Ovarian Cancer

Ovarian cancer includes cancers that begin in the cells in the ovary, fallopian tube, or (rarely) peritoneum. The cancers are closely related and are treated the same way. They also tend to be aggressive.

  • Forms of ovarian cancer

    Epithelial ovarian tumors account for 85 to 90 percent of ovarian/fallopian tube cancers. These tumors start from the cells that cover the outer surface of the ovary.

    Germ cell tumors start from the cells that produce the eggs (ova) and are uncommon. They tend to occur in females aged 10 to 29 years.

    Stromal tumors are rare. They start from structural tissue cells that hold the ovary together and produce the female hormones estrogen and progesterone. More than 90 percent of these tumors start in granulosa cells.

  • Risk factors for ovarian cancer

    Age, Endometriosis, Ethnicity, Family history of ovarian cancer, Hereditary cancer syndrome, History of breast cancer, Hormone replacement therapy, Reproductive history, Weight

    Age — Most ovarian cancers develop after menopause. Half of all ovarian cancers are found in women 63 years of age or older. This cancer is rare in women younger than 40.

    Endometriosis — Researchers are studying whether endometriosis is a risk factor for ovarian cancer. It may increase the risk of certain types of ovarian cancer, including clear cell and endometrioid ovarian cancers.

    Ethnicity — Women of North American, Northern European, or Ashkenazi Jewish heritage have an increased risk of ovarian cancer.

    Family history of ovarian cancer — Your ovarian cancer risk is increased if your mother, sister, or daughter has (or has had) ovarian cancer. The risk also gets higher the more relatives you have with ovarian cancer. Increased risk for ovarian cancer can also come from your father’s side. Increased risk has also been linked to a family history of colorectal and breast cancer.

    Hereditary cancer syndrome — About 5 to 10 percent of ovarian cancers are a part of family cancer syndromes resulting from inherited changes (mutations) in certain genes. These syndromes include hereditary breast and ovarian cancer syndrome, PTEN tumor hamartoma syndrome (also called Cowden disease), hereditary nonpolyposis colon cancer (also called Lynch syndrome), nevoid basal cell carcinoma syndrome (also called Gorlin syndrome), Peutz-Jeghers syndrome, Li-Fraumeni syndrome or ataxia-telangiectasia, and MUTYH-associated polyposis. Research is ongoing to see if other hereditary syndromes may be linked to ovarian cancer.

    History of breast cancer — If you have had breast cancer, you might also have an increased risk of developing ovarian cancer. The risk of ovarian cancer after breast cancer is highest in those women with a family history of breast cancer.

    Hormone replacement therapy — Women who have taken estrogen-only hormone replacement therapy (HRT) after menopause, for at least 5 or 10 years, may have a higher risk of ovarian/fallopian tube cancer. The risk increases the longer a woman uses the therapy and decreases over time after the therapy ends. This increased risk is less certain for women taking both estrogen and progesterone.

    Reproductive history — Women who have their first full-term pregnancy after age 35, who never had a child, or who have not taken birth control pills have a higher risk of ovarian cancer.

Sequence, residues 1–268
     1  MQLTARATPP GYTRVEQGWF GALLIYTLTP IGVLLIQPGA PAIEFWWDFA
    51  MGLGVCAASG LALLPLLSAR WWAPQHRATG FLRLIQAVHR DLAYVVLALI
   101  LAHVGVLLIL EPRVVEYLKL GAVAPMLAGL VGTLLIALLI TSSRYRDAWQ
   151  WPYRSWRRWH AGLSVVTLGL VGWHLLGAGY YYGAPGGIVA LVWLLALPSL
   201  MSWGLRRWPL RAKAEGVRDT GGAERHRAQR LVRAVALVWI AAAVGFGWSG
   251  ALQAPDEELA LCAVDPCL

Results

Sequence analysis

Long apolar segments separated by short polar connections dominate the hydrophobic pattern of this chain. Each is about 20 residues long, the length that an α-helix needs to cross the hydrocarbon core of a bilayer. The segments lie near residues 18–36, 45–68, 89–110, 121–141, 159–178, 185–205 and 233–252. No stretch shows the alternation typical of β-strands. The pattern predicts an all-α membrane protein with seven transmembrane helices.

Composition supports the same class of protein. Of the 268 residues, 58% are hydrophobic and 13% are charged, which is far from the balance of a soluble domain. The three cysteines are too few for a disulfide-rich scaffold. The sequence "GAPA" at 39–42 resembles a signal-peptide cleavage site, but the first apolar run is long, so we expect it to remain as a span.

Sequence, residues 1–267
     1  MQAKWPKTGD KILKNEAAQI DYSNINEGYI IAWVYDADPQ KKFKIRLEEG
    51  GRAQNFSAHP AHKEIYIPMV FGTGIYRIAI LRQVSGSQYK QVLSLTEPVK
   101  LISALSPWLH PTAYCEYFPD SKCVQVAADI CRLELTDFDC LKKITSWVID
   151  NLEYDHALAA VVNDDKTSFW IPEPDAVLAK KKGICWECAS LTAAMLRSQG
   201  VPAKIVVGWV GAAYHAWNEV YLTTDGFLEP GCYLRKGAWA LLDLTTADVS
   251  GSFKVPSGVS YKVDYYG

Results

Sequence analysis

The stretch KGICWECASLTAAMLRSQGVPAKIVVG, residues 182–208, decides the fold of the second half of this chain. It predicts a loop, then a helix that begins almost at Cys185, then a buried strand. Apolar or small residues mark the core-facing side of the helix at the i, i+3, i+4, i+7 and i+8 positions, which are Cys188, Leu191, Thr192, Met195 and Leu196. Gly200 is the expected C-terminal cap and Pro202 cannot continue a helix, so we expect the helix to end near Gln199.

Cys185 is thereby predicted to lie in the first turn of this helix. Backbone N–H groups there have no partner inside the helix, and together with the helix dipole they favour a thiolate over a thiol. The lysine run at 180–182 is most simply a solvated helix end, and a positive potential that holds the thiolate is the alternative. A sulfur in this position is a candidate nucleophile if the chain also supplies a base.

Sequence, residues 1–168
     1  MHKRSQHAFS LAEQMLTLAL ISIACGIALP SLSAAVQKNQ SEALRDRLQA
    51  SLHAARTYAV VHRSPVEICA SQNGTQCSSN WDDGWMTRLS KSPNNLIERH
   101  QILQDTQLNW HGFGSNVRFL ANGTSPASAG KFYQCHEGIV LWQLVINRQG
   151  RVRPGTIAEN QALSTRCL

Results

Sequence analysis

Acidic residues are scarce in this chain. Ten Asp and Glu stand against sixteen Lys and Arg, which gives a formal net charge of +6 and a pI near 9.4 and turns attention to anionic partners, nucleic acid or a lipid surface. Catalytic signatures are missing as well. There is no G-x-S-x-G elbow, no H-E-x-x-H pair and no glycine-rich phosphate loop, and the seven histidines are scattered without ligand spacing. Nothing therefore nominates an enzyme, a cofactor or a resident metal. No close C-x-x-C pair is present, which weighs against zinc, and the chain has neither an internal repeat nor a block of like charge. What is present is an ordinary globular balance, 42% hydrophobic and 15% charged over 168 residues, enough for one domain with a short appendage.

Weight — Recent studies show that women who were obese in early adulthood have an increased risk to develop ovarian/fallopian tube cancer. Obese women (those with a body mass index (BMI) of at least 30) may have a higher risk of developing ovarian cancer, but not necessarily the most aggressive types, such as high grade serous cancers. Obesity may also affect the overall survival of a woman with ovarian cancer.

  • Factors with unclear effects on ovarian cancer risk

    Androgens — There appears to be a link between certain androgens (male hormones) and specific types of ovarian cancer, but further studies are needed.

    Fertility treatments — In vitro fertilization (IVF) seems to increase the risk of the type of ovarian tumors known as “borderline” or “low malignant potential.” Although fertility drugs were once thought to increase the risk of ovarian/fallopian tube cancer, no increased risk has been found.

    Talcum powder — Findings have been mixed as to whether talcum powder applied to the genital area is linked to ovarian cancer.

  • Symptoms of ovarian cancer

    The most common symptoms of ovarian cancer can include:


    Pelvic or abdominal (belly) pain

    Trouble eating or feeling full quickly

    Urinary symptoms, such as urgency (always feeling like you have to go) or frequency (having to go often)

    These symptoms tend to be persistent, occurring more often and being more severe. Other symptoms of ovarian cancer can include:

    • Pronounced fatigue
    • Upset stomach
    • Back pain
    • Pain during sexual intercourse
    • Constipation
    • Menstrual changes, such as heavier bleeding than normal or irregular bleeding
    • Abdominal (belly) swelling with weight loss
    • Vaginal discharge, which may be clear, white, or tinged with blood
  • How is ovarian cancer treated?

    Radiation therapy is not used as a first treatment for ovarian/fallopian tube cancer. Occasionally, it can be an option for treating small, localized recurrent cancer.

    Intraperitoneal radiation therapy is being studied in clinical trials to treat advanced ovarian cancer. In this treatment, radioactive liquid is placed directly in the abdomen through a catheter.

Click here to learn more about RBOI’s radiation treatment options
Click here to watch a walk-through of what is involved in radiation treatment at RBOI

More extensive information about ovarian and other cancers may be found at these sites:
American Cancer Society: Cancer.org
American Society of Clinical Oncology: Cancer.net
National Cancer Institute: Cancer.gov